A server-side messaging service is a Java service, launched by the Xmarc Service Manager, to which clients connect via the Service Broker.
Assuming you have an Enterprise Spatial installation (6.1 or later), you should perform the following steps to set up such a service.
Create and populate the underlying database.
Decide on a service name.
Ensure you are licensed to run the Xmarc Java services.
Configure a Service Agent which will ultimately launch the service.
Choose a port for the service to listen for client connections.
Create a property file containing the runtime environment for the service.
Launch (start) the service via the Service Manager.
It is assumed that you the reader are familiar with the Xmarc Service Manager/Broker/Agent middle-tier architecture.
We have indicated in red parameters and values which typically will need configuring.
SQL scripts are provided (in <install_dir>/cmt) to create and populate an Oracle database.
The scripts and the schema for such a database are described here.
There must be a database before a messaging service can be launched.
The service name is that by which the user will connect to the service, e.g. XCMT
When connecting via the API this is done via the XmConnect API method, for example a service name of XCMT would have a connection URL of http://<myhost>/xmarc/Broker?service=XCMT, where <myhost> is your machine hosting the Service Manager and Broker.
Conventially we use upper-case characters for service names.
An installation must have an fxengine license from Xmarc to run a messaging service.
Java services are launched via a Service Agent, which may or may not be running on the same host as the Service Manager and Broker.
For an agent to launch a messaging service correctly it must have a classpath correctly set for it to find the following required Java classes and class archives:
XRedLine.class - the main messaging Java class
xcore.jar - the associated support classes required by XRedLine
classes12.zip (or .jar) - the required Oracle classes required by JDBC
Therefore the relevant directories/files should be set in the agent property file, e.g.
# Location of XRedLine.class agentx.classpath=<install_dir>/cmt # Location of engine support classes agentx.classpath=<install_dir>/cmt/xcore.jar # Location of Oracle jdbc classes (provided by Oracle) agentx.classpath=<oracle_dir>/jdbc/lib/classes12.zip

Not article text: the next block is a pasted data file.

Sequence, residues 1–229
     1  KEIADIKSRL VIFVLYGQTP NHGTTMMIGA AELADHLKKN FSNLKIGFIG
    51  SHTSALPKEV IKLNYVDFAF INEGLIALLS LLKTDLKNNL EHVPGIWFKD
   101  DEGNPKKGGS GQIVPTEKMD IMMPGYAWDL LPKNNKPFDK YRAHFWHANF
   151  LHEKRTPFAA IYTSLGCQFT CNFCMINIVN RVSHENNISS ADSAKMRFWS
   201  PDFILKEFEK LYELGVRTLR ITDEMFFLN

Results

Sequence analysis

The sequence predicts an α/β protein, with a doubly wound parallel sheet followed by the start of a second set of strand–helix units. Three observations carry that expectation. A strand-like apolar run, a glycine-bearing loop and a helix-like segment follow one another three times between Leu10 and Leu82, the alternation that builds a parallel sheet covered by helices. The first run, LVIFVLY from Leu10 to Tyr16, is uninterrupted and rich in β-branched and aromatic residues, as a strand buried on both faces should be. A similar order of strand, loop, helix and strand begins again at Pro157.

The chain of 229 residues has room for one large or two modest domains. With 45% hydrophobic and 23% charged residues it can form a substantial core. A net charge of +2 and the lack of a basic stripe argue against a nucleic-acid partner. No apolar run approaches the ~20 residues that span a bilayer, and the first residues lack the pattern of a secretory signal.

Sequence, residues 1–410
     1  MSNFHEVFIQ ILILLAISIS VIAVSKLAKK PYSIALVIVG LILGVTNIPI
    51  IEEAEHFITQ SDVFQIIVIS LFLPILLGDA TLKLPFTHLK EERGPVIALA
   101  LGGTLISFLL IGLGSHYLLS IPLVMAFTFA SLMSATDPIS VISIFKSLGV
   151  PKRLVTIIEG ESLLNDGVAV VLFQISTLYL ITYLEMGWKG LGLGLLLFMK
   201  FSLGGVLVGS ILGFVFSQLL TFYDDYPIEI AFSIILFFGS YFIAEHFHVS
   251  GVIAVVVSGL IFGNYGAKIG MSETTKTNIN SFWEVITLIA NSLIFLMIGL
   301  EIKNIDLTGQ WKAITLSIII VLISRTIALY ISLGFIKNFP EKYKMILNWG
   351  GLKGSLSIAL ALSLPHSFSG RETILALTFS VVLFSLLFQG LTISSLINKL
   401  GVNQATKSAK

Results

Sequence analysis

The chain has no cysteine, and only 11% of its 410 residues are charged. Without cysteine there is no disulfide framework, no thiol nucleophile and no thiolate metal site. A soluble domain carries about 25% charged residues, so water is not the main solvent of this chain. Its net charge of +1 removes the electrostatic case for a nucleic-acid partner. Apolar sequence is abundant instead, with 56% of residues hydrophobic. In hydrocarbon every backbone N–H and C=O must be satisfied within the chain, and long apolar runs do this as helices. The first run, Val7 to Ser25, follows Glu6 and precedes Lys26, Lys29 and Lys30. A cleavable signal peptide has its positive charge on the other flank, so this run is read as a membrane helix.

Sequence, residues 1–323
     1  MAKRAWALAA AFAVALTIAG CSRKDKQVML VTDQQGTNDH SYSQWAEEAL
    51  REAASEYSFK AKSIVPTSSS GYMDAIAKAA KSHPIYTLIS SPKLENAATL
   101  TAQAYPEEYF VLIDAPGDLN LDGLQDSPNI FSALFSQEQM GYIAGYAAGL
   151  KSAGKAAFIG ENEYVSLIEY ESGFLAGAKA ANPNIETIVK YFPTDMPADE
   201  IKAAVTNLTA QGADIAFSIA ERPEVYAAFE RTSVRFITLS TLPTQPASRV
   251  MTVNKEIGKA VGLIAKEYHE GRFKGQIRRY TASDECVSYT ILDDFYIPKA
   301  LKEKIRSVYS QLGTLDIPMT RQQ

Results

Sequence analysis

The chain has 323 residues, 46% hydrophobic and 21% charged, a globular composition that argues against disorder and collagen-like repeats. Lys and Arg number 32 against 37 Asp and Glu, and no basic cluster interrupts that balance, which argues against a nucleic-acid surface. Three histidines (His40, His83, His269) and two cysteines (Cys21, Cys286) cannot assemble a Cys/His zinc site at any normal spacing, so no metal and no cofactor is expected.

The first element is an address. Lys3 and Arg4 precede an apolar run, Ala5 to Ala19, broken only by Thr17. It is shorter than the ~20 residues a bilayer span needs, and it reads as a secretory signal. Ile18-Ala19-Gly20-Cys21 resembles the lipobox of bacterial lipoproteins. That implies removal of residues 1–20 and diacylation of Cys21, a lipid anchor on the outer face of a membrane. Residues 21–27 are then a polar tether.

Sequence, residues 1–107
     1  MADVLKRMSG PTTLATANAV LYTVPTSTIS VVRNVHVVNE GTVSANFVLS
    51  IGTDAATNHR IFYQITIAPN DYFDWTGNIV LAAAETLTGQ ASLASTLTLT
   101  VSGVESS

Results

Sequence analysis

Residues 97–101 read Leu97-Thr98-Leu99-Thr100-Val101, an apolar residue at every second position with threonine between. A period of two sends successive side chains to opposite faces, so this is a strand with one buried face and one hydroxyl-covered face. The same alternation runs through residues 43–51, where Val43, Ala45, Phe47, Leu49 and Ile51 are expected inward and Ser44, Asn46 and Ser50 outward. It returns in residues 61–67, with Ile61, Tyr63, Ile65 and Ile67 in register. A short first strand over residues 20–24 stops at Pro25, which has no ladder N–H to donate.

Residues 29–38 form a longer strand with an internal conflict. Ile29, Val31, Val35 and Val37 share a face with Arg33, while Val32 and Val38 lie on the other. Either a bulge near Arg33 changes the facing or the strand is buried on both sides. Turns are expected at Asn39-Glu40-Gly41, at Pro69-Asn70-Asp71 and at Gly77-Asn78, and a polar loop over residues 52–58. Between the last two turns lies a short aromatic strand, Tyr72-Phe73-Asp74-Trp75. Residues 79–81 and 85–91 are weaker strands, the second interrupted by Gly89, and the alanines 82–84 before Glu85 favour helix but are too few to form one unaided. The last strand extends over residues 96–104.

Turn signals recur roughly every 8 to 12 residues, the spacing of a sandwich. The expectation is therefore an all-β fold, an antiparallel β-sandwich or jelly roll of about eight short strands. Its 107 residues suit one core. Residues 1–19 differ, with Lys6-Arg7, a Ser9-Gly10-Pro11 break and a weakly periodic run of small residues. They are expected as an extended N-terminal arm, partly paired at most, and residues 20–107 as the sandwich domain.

The first 2 files are provided in <install_dir>/cmt but may be moved if necessary.
You should now start (or restart) the agent and check that everything is hunky dory via the Service Manager (button Agent Admin). You may have to add the agent if it is not already known to the Service Manager (button Agent Admin then Add/Change).
The service will listen for clients to connect (i.e. to log in) on a nominated port. You can nominate any port not currently in use by another application. For no specific reason we usually use port 7432.
If the service is to communicate with users beyond a corporate firewall, a hole must be punched in the firewall to allow them to connect. Your network administrator will be able to arrange such a hole.
Every Xmarc Java service must have a property file providing the runtime environment details and a messaging service is no exception. Its environment comprises:
a service title, to differentiate the service from other messaging services
a host name, to which switchboard users can connect
a host port (open to the internet), to which switchboard users can connect
database connection details, for the service to connect to the underlying messaging database
Other entries in the property file are as standard for all Xmarc Java services.
An example property file is as follows:
engine.service=XCMT engine.class=XRedLine # This property is obligatory # A title to distinguish the service from other redlining services service.title=CMT Development # These 2 properties are obligatory # The switchboard host name on which clients can log in switchboard.host=myhost.mydomain.com # The switchboard port number on which clients can log in # If necessary a hole in the firewall must be provided for external access switchboard.port=7432 # JDBC connection information db.url=jdbc:oracle:thin:@dbhost:1521:oracl db.user=redline db.password=redline # Debugging logger.logging=yes
and is included in the distribution (in <install_dir>/cmt) as xredline.properties. This should be copied and edited to a directory where the Service Agent has access to it.
Assuming the Service Agent which will launch the service has been started and has is known to the Service Manager, log in to the Xmarc Service Manager (via a browser) on the machine which is to host the service, e.g. http://<myhost>/xmarc/SvcMgr.
On the New Service page, select the agent which will launch the service, add the relevant fields to start the service and click Submit, e.g.
Service Name: XCMT (the logical name for the service)
Service Command: XRedLine (the java class of the service)
Service Start Parameters: c:/wherever/xredline.properties (the name and location of the service property file)
The servce should now be up and running. Use the Report button to make sure.
You can also check a client connection to the service by hitting the following url from a browser, which should display a status page of users, groups and sessions:
Robert is now your uncle.